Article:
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As hundreds of Coloplast mesh lawsuits continue to move forward through the federal court system, the parties are continuing to make progress in settlement negotiations to resolve the litigation, according to a recent court update.
Coloplast Corp. currently faces nearly 1,500 federal transvaginal mesh and bladder sling lawsuits, which have all been consolidated for pretrial proceedings before U.S. District Judge Joseph R. Goodwin in the Southern District of West Virginia as part of an MDL, or multidistrict litigation.
All of the complaints involve similar allegations that women suffered severe and debilitating complications after receiving Coloplast mesh for surgical repair of pelvic organ prolapse (POP) or female stress urinary incontinence (SUI), where the mesh eroded through the vagina, caused infections or other injury.
According to a pretrial order (PDF) issued by Judge Goodwin on June 16, “substantial progress” has been made toward settling the Coloplast cases and a follow up status conference has been scheduled for August 7, at which time the parties will meet with Judge Goodwin in chambers to provide an updated report.
In March, it was reported that a Coloplast mesh settlement was reached to resolve about 400 cases for $16 million.
In addition to lawsuits against Coloplast, Judge Goodwin is also presiding over thousands of similar cases brought against manufacturers of other transvaginal mesh products, including C.R. Bard, American Medical Systems (AMS), Ethicon, Boston Scientific, Cook Medical and Neomedic.
Endo Health Systems reported last month that it has agreed to pay $830 million to settle AMS mesh lawsuits brought by about 22,000 women, making it the largest settlement reported to date in the litigation.
C.R. Bard has also reached a number of individual settlements involving cases that were scheduled to come up for trial, but no global settlement agreement has been reached.
Vaginal Mesh Litigation Update
According to the latest case list (PDF) released by the U.S. Judicial Panel on Multidistrict Litigation (JPML) on June 16, Judge Goodwin is currently presiding over 17,812 AMS mesh lawsuits, 18,176 Ethicon mesh lawsuits, 12,004 Boston Scientific mesh lawsuits, 8,555 Bard Avaulta mesh lawsuits, 1,468 Coloplast mesh lawsuits, 195 Cook Medical mesh lawsuits and about 52 Neomedic mesh lawsuits.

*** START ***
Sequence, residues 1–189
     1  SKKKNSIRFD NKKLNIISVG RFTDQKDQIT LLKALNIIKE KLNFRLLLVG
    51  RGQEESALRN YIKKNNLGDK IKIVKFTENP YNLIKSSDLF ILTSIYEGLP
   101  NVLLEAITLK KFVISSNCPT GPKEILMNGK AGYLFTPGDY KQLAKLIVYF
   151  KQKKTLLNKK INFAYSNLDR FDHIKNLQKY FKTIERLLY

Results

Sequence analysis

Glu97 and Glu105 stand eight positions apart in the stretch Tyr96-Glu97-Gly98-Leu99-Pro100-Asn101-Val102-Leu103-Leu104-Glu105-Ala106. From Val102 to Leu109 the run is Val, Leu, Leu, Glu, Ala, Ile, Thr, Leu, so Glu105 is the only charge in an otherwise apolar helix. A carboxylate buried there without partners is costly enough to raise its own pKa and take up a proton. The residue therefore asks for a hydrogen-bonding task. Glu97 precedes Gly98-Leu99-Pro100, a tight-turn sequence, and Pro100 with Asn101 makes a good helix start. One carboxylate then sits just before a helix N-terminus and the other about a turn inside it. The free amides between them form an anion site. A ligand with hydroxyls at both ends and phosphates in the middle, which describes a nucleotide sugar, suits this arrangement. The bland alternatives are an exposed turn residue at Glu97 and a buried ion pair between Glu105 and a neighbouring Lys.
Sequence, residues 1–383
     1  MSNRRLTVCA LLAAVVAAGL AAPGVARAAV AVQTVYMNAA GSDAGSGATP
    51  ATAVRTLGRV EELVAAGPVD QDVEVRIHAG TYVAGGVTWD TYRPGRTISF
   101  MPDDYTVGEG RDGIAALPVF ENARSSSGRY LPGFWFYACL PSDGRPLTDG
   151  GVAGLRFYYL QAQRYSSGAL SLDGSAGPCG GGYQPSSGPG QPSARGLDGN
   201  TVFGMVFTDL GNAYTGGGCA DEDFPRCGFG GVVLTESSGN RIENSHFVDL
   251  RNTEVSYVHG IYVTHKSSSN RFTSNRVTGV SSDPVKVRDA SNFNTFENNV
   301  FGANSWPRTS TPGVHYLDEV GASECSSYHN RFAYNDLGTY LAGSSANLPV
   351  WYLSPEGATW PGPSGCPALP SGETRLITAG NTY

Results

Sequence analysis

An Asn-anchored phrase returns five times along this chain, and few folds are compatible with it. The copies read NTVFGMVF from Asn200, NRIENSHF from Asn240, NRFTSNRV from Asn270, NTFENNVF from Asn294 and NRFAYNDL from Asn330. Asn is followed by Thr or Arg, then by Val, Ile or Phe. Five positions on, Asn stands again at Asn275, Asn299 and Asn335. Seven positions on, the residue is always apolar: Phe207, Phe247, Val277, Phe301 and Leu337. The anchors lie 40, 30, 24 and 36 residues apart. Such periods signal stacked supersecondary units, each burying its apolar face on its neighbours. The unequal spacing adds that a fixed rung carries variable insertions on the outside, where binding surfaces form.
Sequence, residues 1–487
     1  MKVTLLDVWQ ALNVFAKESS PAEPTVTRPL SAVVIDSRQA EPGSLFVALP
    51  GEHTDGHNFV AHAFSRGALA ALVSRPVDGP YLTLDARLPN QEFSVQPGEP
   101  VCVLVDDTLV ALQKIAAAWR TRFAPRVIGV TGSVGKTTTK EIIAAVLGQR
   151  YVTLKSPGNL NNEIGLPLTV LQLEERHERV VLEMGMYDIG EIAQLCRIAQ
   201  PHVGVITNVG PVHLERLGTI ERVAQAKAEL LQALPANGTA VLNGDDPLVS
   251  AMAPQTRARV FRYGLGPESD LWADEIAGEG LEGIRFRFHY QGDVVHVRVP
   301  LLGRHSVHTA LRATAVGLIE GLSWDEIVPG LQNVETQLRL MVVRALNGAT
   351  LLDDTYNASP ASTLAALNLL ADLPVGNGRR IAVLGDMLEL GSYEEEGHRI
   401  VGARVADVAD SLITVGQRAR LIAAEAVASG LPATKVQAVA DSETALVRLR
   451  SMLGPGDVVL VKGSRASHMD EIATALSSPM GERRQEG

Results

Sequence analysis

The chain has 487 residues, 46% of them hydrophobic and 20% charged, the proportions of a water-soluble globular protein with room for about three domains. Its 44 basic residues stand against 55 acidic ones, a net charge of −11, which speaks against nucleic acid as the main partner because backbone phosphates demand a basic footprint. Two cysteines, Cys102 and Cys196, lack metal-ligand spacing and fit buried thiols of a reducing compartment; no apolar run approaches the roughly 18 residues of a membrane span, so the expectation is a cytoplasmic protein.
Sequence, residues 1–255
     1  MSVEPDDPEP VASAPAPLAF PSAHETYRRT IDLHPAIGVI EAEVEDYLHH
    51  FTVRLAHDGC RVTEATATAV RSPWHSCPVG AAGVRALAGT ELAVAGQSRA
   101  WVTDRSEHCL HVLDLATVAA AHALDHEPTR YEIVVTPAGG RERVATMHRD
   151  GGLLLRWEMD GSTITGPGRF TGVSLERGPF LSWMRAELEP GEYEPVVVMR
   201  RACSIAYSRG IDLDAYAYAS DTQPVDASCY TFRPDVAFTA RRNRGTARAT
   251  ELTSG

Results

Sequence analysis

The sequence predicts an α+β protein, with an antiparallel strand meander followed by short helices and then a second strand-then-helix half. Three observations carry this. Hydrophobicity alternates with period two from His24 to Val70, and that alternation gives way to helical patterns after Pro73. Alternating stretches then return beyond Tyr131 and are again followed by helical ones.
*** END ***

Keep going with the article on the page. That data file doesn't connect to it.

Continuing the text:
The combined total of 58,262 vaginal mesh claims pending in the federal court system represents a nearly 35% increase in the number of cases pending since March 2014, when the U.S. JPML reported that a combined total of 43,173 cases were centralized before Judge Goodwin. In addition, thousands of other cases are pending in various state court systems throughout the country.
As part of the coordinated pretrial proceedings in federal court, Judge Goodwin has scheduled a series of early trial dates involving several of the manufacturers. Known as “bellwether” cases, such test trials are designed to help the parties gauge how juries may respond to certain evidence and testimony that may be repeated throughout the litigation.
In August, a trial involving a lawsuit filed against Ethicon by Jo Huskey is scheduled to go before a federal jury. Huskey alleges that she suffered injuries after receiving an Ethicon TVT-O bladder sling for stress urinary incontinence.
Later this year, a combined trial involving 11 Boston Scientific mesh cases is set to go before a jury starting in October 2014. That case involves women who experienced problems after receiving a Boston Scientific Obtryx sling for repair of stress urinary incontinence.
Last year, a series of three Bard Avaulta trials were set for trial in the MDL, with the first case going before a federal jury in July 2013, involving a lawsuit filed by Donna Cisson. That trial resulted in a $2 million damage award against Bard, including punitive damages designed to punish the company for the actions during the manufacture and sale of the product. The second and third trials were each settled shortly before they were set to begin, with terms of the deals withheld.
Given the lack of progress towards settling additional cases by some manufacturers, Judge Goodwin recently ordered that a second wave of Bard Avaulta cases and Boston Scientific mesh cases be prepared for trial, with hundreds of cases going through case-specific discovery over the remainder of this year so that they can be trial-ready by early 2015.
If the manufacturers fail to reach vaginal mesh settlements to resolve the majority of cases against them, they could face hundreds of individual trial dates scheduled throughout the country next year.